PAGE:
Of course, if your camera rests at ground level and provides constant access, weight the priority of this advice against your own battery situation.

Power is the lifeblood of the camera. As digital cinema grows, new cameras hunger for more of it even as their bodies and batteries get smaller. So expect the costs of this assumption to grow also.

3. The Camera Isn’t Too Heavy

Everything you mount a camera to will have a weight limit or weight rating — don’t ignore this!

Cameras are heavy. Or, at least, they can be. Depending on the type of accessories and lenses you’re slapping on a camera, those puppies can reach close to 50 lbs. in weight. Even smaller cameras can balloon from a base weight of 5 lbs. into 20 lbs. after adding a full kit onto them.

Sure, a rig with a 15 lb. limit won’t be crushed by a 15.2 lb. camera, but it may buckle under 20 lbs.

So it is vital you know the weight limit of whatever rig you’re putting the camera on. Don’t assume that since it looks hefty, it can handle the weight appropriately. If you’re like me, you probably have a tendency to underestimate how heavy something actually is — a 40 lb. camera, for instance, might feel like it’s only 30 lbs.

If you are unsure whether the camera is within the acceptable weight range, look in the camera’s manual (or The Black and Blue pocket guides!) for the weight of the camera and its accessories. I also urge you to err on the side of caution: make the camera as “skinny” as possible before you fly it on a jib or a crane or a Steadicam, even if you feel it’s safely under the weight limit. Not only does that ensure the limit isn’t breeched, but it will offer more mobility (to a point) for the camera on the rigs.

If you still aren’t sure, ask the grips who built the rig. They should know what can and can’t be handled and will have had experience in matters of weight.

Bottom line: know what weight the rig can handle, how heavy your camera is in relation to that, and don’t assume those two numbers without checking.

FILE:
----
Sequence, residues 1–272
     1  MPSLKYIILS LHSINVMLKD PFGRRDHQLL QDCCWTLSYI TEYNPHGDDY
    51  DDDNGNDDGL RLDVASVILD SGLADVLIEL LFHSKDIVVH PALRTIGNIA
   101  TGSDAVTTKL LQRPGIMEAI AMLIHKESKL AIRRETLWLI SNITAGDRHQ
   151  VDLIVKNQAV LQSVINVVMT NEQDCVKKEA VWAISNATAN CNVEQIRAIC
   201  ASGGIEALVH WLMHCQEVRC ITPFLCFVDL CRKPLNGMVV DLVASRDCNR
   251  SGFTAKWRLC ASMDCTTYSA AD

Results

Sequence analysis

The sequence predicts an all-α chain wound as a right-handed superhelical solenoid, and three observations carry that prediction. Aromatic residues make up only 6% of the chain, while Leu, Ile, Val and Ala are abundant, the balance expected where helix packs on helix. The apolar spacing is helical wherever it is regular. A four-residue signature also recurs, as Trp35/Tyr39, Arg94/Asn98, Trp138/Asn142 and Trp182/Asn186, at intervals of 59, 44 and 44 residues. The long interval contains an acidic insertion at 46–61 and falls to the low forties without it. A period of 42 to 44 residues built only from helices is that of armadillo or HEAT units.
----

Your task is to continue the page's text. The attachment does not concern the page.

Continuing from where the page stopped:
4. The Safety Line is Tied Right

99% of the time when rigging a camera, you will be depending on grips to help you secure it properly. Besides being in charge of, well, rigging, they are also in charge of safety.

Depending on the type of rig you’re attaching the camera to, there’s a good chance it will involve rope. If not being used as the main anchor, rope is often used for safety line backups (should the camera fall off a mount, for instance).

One thing grips are exceptionally good at is tying knots. Like sailors, they know all sorts of knots, what they’re best used for, and have experience utilizing the right knots in the right situation.

But just because you defer to the Grips’ expertise doesn’t mean you should defer your responsibility.

After a grip has rigged the camera, test the knots. Don’t just sit back and watch them tie up some rope and assume everything is good to go. Pull at the rope and check the tension. You could even learn about knots and ask the grip what kind of knot they tied to confirm it’s a good for the situation. It may technically be their fault if the camera falls, but it’ll be your ass on the line, too.

Just one caveat: don’t test the knots until the grips have said it’s OK. Alternatively, you may simply choose to ask to watch the grips test the line themselves.

5. You Don’t Need a Safety Backup

One point of attachment on a camera rig is not enough. You need to have a backup method to mount the camera for the safety of the crew and for the safety of the equipment.

If you’re putting a camera on a crane, make sure to tie a safety line in case it falls off the baseplate. If you are mounting a camera to a car, attach a safety line to the inside of the vehicle. If the camera is going high on sticks, use sandbags to weight the legs.

Assuming everything will be fine and you don’t need a backup method to catch or secure the camera is incredibly short-sighted and massively stupid. Accidents can and do happen all the time and, without proper backups, can result in very real injuries and equipment damage.

Maybe you won’t be the cause of the accident, but that doesn’t account for circumstances out of your control. You could have the camera mounted to a car as securely as possible, but all it takes is a PA running at full speed to trip and bump into it to compromise the integrity of the rig. Or a gust of wind to topple a camera at full-stick. Or a stripped screw to wiggle loose.

Freak accidents are the worst enemy of the AC who relies on only one rigging method.

Most of the time a backup comes into play, the incident isn’t anybody’s fault. Sometimes things break for no reason. Other times they’ve been compromised before you even rented them out. Who knows what the cause of the next accident will be, but you need to be prepared for it.

With all the different tiny parts of a camera rig that could get bumped, broken, damaged, or messed with, assuming nothing can go wrong as long as you mount it correctly the main way is naive.

6.  It Won’t Take Very Long

Time is valuable to a movie set, but so are realistic expectations.